The primary mission of the program is recreation, explains Marion Larson, chief of information and education for MassWildlife. The agency also engages in conservation, restoration, and monitoring activities, but the trout stocking is designed as a “put and take” as opposed to a “put and grow” system—they are there to be fished, free for the taking (while respecting daily catch limits and other regulations) once you have purchased your fishing license. Kids ages 14 and under can fish without a license, and the first weekend in June is traditionally designated as “free fishing weekend,” with no licenses required.

The primary rationale for the trout-stocking program is the economic stimulus that fishing provides—the bait and tackle shops, the boating, the travel, the gear. (At the national level, the US Fish & Wildlife Service estimates the economic value of fishing at $46 billion a year.) The program is also largely self-supporting, funded by license fees and via a federal excise tax on fishing equipment. Approximately 200,000 fishing licenses are purchased in Massachusetts each year.


Trout have been grown in hatcheries for a hundred years or more. They are both popular for fishing and respond well to hatchery production, says MassWildlife Assistant Director of Fisheries Todd Richards. The Massachusetts program currently raises four types of trout: brook trout, native to Massachusetts; rainbow trout, the most numerous in the hatcheries, native to the western United States; brown trout, a European species; and tiger trout, a cross between male brook trout and female brown trout.

Four of the five state trout facilities are in the Pioneer Valley (in Sunderland, Montague, Belchertown, and Palmer). The fifth is in Sandwich, on the Cape. The brood stock are maintained in Sandwich and Palmer and then the hatchlings are grown out in open, outdoor “raceways”—long rectangular basins with through-flowing water—at the other facilities. The trout are fed on fish pellets made from whole wheat, fish meal, soybean meal, and other ingredients for 1½ to 2 years until they reach the 12-inch release size.

The hatcheries themselves are interesting places to visit, particularly with kids. The McLaughlin Fish Hatchery in Belchertown is the biggest, with 10 paired raceways about 500 feet long located just west of the Swift River, near the base of the Quabbin. The Sunderland and Montague hatcheries are older and more scenic, with old stonework and tall pines shading the raceways. You can buy a handful of fish food from a dispenser for a quarter, and watch trout of different sizes swirl and surge around in the water. Great blue herons stalk the edges of the raceways, while gulls circle overhead.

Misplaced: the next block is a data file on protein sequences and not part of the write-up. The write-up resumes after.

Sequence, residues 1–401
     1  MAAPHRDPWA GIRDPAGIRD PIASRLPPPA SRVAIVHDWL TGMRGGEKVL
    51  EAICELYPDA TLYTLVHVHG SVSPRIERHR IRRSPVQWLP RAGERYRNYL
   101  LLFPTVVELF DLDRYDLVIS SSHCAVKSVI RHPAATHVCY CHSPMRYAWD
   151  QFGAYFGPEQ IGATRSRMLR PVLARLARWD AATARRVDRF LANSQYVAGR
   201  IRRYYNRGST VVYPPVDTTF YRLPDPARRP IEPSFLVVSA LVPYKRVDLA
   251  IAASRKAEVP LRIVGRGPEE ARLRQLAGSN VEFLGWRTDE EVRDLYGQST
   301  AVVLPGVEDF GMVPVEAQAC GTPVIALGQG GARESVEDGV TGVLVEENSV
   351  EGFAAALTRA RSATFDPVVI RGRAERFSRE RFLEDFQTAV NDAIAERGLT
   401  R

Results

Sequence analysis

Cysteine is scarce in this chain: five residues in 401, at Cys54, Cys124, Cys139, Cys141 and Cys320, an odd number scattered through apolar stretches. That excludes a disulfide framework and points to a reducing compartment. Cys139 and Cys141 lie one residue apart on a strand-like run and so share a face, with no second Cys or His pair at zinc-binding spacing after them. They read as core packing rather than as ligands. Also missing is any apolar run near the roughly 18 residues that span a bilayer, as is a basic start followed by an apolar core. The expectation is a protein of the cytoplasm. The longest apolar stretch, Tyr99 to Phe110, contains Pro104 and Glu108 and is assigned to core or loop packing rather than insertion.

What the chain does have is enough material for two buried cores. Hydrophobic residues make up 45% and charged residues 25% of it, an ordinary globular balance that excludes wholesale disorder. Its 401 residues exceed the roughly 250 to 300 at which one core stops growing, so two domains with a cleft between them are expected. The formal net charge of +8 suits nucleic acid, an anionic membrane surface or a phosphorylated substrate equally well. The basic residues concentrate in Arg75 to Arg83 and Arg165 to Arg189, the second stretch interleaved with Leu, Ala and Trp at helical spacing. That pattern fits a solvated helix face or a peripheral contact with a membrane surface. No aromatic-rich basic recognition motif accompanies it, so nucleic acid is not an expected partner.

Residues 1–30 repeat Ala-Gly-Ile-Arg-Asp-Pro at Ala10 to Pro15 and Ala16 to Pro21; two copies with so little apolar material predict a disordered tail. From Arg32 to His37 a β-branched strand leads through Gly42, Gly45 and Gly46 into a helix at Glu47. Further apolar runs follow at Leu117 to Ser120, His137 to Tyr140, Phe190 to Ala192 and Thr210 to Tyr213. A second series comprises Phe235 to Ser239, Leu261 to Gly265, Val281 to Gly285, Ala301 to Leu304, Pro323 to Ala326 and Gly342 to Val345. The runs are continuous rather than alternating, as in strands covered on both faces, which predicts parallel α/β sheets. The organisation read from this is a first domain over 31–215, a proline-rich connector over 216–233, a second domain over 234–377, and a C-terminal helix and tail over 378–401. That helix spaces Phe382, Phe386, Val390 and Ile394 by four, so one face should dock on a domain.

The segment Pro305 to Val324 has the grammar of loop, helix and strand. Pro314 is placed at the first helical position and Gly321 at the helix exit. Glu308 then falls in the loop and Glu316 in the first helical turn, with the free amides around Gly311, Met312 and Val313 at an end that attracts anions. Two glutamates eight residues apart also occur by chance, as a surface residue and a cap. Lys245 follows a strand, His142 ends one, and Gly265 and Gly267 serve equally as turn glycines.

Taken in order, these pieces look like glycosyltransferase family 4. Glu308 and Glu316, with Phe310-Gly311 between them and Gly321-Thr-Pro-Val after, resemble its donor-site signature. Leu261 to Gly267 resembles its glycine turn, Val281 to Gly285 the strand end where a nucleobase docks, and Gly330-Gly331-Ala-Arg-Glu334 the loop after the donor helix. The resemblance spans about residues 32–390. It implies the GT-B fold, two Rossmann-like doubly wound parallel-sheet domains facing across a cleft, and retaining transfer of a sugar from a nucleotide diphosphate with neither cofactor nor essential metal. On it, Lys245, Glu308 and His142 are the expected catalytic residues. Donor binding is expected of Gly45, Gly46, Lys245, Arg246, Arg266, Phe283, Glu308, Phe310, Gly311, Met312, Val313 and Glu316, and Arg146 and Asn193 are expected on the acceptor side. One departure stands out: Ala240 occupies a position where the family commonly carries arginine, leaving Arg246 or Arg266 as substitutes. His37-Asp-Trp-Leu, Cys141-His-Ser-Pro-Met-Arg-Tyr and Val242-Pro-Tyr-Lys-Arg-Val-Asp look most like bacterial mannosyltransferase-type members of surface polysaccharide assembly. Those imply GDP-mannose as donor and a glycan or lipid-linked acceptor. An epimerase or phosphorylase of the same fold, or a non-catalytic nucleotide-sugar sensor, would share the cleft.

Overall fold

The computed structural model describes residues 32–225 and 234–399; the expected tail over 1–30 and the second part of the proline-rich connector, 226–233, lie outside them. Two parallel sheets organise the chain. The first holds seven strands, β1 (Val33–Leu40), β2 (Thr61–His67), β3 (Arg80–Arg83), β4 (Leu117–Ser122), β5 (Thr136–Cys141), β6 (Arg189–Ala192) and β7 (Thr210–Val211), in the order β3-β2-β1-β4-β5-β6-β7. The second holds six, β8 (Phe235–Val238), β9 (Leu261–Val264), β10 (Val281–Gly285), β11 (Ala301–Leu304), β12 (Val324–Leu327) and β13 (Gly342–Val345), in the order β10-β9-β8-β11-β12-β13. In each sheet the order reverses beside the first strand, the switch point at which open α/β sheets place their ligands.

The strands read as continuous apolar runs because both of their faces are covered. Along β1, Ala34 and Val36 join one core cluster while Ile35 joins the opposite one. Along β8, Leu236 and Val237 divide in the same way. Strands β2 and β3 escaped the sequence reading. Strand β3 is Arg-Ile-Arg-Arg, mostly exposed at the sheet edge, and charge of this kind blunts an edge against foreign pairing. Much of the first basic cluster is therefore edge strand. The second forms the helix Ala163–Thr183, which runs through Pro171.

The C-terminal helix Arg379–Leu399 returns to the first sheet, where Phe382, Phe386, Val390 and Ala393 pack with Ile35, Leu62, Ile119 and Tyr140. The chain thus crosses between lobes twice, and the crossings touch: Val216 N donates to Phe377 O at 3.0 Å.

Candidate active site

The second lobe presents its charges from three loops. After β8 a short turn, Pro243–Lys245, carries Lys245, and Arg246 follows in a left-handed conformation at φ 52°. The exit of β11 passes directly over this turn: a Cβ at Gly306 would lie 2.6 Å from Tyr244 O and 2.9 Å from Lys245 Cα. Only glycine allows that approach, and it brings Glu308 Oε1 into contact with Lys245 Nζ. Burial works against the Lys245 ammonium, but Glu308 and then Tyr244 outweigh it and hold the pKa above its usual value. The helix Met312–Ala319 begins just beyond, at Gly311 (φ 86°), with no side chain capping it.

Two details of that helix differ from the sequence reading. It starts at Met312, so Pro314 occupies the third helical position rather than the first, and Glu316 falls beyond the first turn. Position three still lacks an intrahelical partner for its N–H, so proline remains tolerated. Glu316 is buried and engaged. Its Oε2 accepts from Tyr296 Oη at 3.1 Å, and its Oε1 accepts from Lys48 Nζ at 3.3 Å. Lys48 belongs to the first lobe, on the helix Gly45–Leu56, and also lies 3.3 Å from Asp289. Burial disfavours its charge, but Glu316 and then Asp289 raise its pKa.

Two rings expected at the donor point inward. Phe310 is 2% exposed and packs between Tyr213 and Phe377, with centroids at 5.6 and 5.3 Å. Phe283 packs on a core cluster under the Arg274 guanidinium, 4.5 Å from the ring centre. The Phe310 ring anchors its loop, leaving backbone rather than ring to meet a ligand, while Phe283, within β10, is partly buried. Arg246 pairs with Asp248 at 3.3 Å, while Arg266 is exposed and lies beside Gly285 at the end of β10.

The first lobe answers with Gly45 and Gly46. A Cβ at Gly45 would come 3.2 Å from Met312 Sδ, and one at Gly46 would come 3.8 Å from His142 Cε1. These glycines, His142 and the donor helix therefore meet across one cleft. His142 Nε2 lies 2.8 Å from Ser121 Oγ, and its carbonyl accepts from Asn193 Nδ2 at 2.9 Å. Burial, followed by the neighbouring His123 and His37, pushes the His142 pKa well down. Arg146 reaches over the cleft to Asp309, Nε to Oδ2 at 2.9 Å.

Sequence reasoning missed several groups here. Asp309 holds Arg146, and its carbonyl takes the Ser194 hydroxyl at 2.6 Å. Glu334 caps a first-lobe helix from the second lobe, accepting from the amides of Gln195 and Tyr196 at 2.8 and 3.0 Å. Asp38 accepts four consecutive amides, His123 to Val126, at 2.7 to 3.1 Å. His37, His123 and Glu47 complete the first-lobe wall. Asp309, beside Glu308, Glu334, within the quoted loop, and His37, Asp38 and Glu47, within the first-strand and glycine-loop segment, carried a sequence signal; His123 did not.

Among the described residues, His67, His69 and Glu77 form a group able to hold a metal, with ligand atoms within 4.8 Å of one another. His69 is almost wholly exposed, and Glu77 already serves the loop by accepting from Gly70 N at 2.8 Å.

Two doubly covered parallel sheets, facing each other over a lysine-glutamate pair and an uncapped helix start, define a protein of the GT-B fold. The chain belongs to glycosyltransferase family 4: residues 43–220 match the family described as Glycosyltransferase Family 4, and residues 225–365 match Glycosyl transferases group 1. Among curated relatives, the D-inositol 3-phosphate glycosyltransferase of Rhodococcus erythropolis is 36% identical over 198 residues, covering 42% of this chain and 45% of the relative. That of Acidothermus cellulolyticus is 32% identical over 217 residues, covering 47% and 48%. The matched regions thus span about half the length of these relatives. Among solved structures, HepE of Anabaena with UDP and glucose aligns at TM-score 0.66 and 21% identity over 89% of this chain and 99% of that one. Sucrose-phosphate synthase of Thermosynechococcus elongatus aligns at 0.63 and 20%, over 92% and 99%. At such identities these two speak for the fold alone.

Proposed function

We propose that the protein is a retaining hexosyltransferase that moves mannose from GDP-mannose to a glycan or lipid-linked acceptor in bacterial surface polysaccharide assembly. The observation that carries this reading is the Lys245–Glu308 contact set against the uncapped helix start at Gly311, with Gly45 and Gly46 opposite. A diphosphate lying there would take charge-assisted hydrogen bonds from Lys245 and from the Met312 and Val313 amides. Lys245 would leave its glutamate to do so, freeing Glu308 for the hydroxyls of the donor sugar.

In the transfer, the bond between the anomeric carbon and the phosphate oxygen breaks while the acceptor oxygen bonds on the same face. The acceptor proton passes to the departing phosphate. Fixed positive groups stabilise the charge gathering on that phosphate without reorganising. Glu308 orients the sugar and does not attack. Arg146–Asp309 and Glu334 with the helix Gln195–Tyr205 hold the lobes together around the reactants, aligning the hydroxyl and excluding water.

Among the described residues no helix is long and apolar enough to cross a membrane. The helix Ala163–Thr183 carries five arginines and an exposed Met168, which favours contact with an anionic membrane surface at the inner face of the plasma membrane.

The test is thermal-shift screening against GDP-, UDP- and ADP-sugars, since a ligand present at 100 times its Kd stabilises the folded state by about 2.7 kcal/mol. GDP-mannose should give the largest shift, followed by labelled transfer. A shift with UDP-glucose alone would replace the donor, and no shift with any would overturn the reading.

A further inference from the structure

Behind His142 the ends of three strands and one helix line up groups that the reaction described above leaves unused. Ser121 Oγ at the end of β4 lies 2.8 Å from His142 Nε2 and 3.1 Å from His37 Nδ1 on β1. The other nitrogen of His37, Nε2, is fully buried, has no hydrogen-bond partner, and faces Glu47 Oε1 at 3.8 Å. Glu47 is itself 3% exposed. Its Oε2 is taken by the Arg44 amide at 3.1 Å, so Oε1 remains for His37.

Of course, there are many other types of fish to be caught in the Valley—including shad, bass, pickerel, and walleye—and many anglers practice catch-and-release as opposed to catch-and-eat. Some areas are designated as catch-and-release only. Advocates of catch-and-eat point out that an unknown number—possibly 50% or more—of caught-and-released fish won’t survive, so you are not necessarily conserving fish by not consuming them.

There are, it should be emphasized, fish consumption advisories, particularly for certain species and certain waters. The major contaminants of concern are mercury and PCBs. Because trout that have been stocked by MassWildlife will have had little time to accumulate contaminants in their bodies, these are considered to be among the safest fish to eat. The official guidelines from the Massachusetts Department of Public Health state that pregnant women, women intending to become pregnant, nursing mothers, and children under 12 should not eat any freshwater fish caught in Massachusetts except for stocked trout. Guidelines for other people depend on the species and the body of water, but many types of fish are fine to eat in moderation. (See for more information.)

“Being able to eat something that you’ve caught is one of the motivators for people being out there,” says Larson. In terms of popularity among Massachusetts fishermen and -women, according to Richards, “Bass are number 1; trout are number 2.”